Parenthood, the Brilliant with the Sacrifice


Crazy MomentsWritten by Elizabeth R.

I don’t see enough written about how hard motherhood really is. I see blogs full of witty lists, short and easy to digest on the fly. But nothing about how truly it can break you down, how your former self, can feel so far gone.

Sometimes, when it’s particularly bad, I sense my own flood gates close, one by one. It’s a disconnecting process, a place I go to survive when my sensitive, needy toddler screams and cries at the slightest challenge. And then, of course, my baby starts to cry. A little piece of me dies.

Sometimes I can peek out from the battened down hatches and try to send love and patience his way. But do you know how hard that is after an entire day of doing it? I run out of reserves. Though my tone can get really stern, I use my feeling words: “I am starting to get frustrated, I am now frustrated. I see you are frustrated too. You really wanted to pile all your stuffed animals on top of your brother.”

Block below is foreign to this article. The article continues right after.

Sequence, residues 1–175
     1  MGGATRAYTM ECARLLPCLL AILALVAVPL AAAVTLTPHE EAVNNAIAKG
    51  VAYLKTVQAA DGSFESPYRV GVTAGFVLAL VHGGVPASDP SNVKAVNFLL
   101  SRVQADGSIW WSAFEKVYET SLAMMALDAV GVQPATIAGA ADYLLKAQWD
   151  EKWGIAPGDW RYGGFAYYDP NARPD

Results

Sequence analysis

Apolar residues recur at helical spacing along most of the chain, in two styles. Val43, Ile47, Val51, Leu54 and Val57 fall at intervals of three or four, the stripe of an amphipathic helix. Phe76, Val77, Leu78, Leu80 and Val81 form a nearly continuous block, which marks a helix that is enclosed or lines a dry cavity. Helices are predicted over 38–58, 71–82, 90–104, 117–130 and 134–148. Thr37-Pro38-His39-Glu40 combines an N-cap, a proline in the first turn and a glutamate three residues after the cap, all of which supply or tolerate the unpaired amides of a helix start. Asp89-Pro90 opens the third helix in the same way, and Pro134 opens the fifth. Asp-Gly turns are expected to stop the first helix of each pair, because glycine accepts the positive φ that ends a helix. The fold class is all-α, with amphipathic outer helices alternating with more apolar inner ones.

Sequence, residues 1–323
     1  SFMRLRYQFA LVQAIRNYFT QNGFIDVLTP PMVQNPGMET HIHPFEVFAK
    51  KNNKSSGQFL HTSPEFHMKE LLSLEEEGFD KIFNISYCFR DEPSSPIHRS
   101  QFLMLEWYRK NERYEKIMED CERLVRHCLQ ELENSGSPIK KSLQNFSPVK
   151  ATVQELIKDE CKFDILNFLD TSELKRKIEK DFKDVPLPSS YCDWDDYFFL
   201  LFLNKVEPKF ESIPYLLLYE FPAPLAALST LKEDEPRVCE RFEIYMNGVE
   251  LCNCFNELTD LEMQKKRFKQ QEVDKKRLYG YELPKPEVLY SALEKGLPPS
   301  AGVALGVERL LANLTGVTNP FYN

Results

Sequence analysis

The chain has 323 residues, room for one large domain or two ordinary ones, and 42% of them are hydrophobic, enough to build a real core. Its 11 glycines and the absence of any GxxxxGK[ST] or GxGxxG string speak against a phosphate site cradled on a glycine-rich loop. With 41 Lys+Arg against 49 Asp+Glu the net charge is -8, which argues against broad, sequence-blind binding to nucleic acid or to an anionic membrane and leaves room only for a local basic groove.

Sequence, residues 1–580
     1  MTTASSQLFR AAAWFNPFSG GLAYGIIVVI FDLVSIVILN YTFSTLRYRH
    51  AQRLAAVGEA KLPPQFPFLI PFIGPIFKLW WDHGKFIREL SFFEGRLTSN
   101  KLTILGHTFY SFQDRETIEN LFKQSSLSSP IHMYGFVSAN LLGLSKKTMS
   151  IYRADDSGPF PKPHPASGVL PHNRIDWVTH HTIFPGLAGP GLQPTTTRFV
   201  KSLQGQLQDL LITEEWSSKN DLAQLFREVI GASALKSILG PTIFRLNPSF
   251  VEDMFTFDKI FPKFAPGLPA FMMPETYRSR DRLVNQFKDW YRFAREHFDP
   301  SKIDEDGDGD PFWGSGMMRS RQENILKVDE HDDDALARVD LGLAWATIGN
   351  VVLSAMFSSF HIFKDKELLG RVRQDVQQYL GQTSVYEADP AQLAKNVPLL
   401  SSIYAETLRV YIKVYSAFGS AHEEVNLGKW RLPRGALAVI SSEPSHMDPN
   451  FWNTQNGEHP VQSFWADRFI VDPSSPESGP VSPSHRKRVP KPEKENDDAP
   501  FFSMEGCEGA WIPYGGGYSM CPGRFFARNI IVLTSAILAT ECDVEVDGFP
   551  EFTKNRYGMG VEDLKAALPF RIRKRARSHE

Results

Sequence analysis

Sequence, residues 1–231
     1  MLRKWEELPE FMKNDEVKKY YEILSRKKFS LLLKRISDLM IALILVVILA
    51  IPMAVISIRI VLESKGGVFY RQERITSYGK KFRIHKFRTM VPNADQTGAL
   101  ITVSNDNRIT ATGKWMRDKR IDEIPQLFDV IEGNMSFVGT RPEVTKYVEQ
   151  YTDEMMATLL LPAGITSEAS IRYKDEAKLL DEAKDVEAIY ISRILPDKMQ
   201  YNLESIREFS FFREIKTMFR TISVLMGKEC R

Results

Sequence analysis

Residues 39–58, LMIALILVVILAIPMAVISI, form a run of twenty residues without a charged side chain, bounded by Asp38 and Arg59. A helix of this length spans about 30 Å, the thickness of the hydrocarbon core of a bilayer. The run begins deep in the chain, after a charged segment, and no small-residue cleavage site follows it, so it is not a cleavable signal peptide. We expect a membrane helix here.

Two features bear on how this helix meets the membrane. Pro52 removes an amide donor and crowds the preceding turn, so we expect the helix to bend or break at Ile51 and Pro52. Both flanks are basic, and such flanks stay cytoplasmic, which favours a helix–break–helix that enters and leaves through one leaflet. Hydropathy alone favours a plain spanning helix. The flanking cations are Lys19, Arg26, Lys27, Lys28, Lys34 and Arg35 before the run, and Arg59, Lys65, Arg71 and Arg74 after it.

On one occasion, after an impromptu dinner party, I returned home with two screaming children. The party was too stimulating for my toddler. He asked that I stay by his side constantly. I ended up eating in a play room on the floor. I hardly spoke to any adults. So many of the other kids were older. I wanted to say “People, don’t you remember how hard this is? Reach out and help a lady!” But I chilled myself out with, “Well, at least I’m sitting on a different floor, in a different space, even if I’m doing what I would have done at home.”

Sometimes I tell myself that I chose this, so what right do I have to complain. We are healthy, we have a home and food.

One friend offered comfort, reminding me that she remembered how insane she used to feel. Her words helped relieve my sense of guilt and self-numbing. “It’s so freaking hard and don’t let anyone make you feel crazy for thinking so!”

So I offer you my compassion as you parent; forge on, acknowledging the crazy moments and celebrating the glorious ones. That’s parenthood, the brilliant with the sacrifice. And may our children thank us one day when they, too, feel the burden.


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